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Monday, April 30, 2012

Impact Of Lifestyle On Health Care Costs


Obama’s presidency brought the issues of health care to the forefront of the American awareness. Health care cost is one of the aspects of the issue that is the most talked about. The rising prices of health insurance premiums, along with the fine print of restrictions, are making it near impossible to make the cut or afford to be healthy. However, a lot of these constraints are our own fault. Complacency and a lack of self-control have driven health care cost up.



Insurance companies consider the severe health risks of issues like stress, high blood pressure, smoking, obesity, cholesterol, and adjust their terms accordingly. Expensive health care is the consequence of America’s poor lifestyle choices. The worst of these problems is a lack of exercise and good nutrition that have led to a nationwide epidemic of obesity. Fat and unhealthy individuals dig their own health care cost graves. Many people are too lazy, full of excuses, or simply don’t care.



Consider these staggering statistics: in 1991, there were only four states with obesity rates of more than 15% of the population. Within 21 years, all 50 states had surpassed those percentages, making the U.S. the fattest nation on the globe. The South, with its greasy, all-American, gravy-laden comfort foods is home to the 10 fattest states, which include Tennessee, Alabama, Mississippi, West Virginia, Louisiana, South Carolina, Kentucky, and Arkansas.



But if Americans as a whole were to make simple lifestyle changes (to reflect those statistics of 1991), the country would save $1 trillion per year. Some proactive businesses are taking positive steps towards improving the situation with their employee wellness programs that encourage health and fitness.



The incentive is reduced medical insurance premiums that result in more affordable health coverage. Several companies, including Johnson & Johnson, have already seen excellent results and have reduced their morbidity and obesity rates while keeping health care costs level.



Choosing a healthy lifestyle is about more than wanting to look and feel good. Making the effort to finally quit smoking, get to the gym a few times a week, and pass up on McDonald’s for lunch can positively affect your bank account, too. Learning how to slow down in life and employing better coping mechanisms for stress can also improve things like high blood pressure that can affect your health insurance costs.



The solution to the high health care cost is in the public’s hands. The government cannot force people to exercise, improve their nutrition, or practice better stress management. However, these lifestyle changes would improve the health and wellbeing of individuals through exercise and nutrition. Unfortunately, until America collectively rouses from its sugar-induced coma, everyone will continue to suffer from the poor lifestyle choices of the masses.

Monday, April 23, 2012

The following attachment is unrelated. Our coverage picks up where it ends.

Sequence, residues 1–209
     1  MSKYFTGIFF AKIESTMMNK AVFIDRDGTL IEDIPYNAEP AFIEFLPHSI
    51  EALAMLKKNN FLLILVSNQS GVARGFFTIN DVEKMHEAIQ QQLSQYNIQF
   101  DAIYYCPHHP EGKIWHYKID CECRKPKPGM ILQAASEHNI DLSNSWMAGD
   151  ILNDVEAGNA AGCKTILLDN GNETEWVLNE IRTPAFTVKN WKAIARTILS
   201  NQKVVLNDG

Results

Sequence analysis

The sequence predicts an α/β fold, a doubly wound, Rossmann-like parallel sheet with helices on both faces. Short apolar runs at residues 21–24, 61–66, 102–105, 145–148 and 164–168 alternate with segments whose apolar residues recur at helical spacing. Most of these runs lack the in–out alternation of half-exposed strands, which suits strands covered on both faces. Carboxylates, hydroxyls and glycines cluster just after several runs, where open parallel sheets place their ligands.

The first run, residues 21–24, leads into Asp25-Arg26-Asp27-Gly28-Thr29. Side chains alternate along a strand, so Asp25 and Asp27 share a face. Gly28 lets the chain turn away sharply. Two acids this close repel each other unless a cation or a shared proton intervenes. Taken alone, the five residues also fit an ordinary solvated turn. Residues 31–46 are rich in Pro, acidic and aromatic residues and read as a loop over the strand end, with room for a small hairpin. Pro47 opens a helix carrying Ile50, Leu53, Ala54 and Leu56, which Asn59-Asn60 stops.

Juicing For Optimal Health And Weight Loss


There are so many alternatives available to us in our search for maximum health and nutrition. One of the better ways to boost our nutritional intake, while decreasing our calories, is juicing. That's right, a delicious, nutritious, tasty beverage!



Nearly every single nutritionist or health authority recommends we consume six to eight servings of fruits and vegetables per day. Does it seem impossible to prepare and eat such a volume? I think for most people it is. However, juicing makes the daunting recommended volume of fruits and vegetables into an easy to manage beverage or two.



There are many advantages to supplementing your diet with juiced fruits and vegetables. Most importantly, juicing allows us to more efficiently absorb all the vitamins and nutrients available in produce. The gears of a juicer break down the cell walls of the plant, and often the juicer will remove indigestible fiber. In effect, the food is slightly pre-digested! This allows us to easily “soak-up” the nutritional benefits without a lot of waste.



In addition, juicing helps us to increase the array of the fruits and vegetables we consume. Often times, we all end up eating the same vegetables over and over again, because it tastes good. This is to the detriment of getting more nutritious yet less flavorful vegetables, such as kale or spinach. With juicing we can easily introduce these vegetables right into a blend of our favorite fruit flavors. All of the nutritional impact, none of the taste!



Your first step is to procure a juicer. Honestly, the most cost effective method for this is to check sites like Craigslist or Ebay for used juicers. Many people have started juicing, and decided it is not the route for them. They are more than happy to sell their machine for a few cents on the dollar of the original purchase price. If you decide to buy a new juicer, I recommend a mid-priced model. Steer clear of the cheaper machines, as they tend to clog and/or break easily.



Next step is... what to juice? It is important to note that you should only use fruits and vegetables that are pesticide free. Your local farmers market could be a great source for fresh, in-season, organic produce. Green leafy vegetables should be the base for most juices, as they are packed with nutrition. Try cabbage, spinach, kale, mustard greens, escarole, or any one of the abundant lettuce varieties available. Add in broccoli, carrots, or any other vegetable that has the nutritional attributes you are seeking. For maximum flavor, add fruits. A few apples, or even grapes, will mask the potentially unpleasant flavors of green leafy vegetables. Lemons and limes add a delicious zesty flavor.



It is best to immediately drink freshly squeezed juice. However, if you choose to juice in the morning for the whole day, store in the refrigerator in a solid color, airtight container to preserve the maximum nutritional value.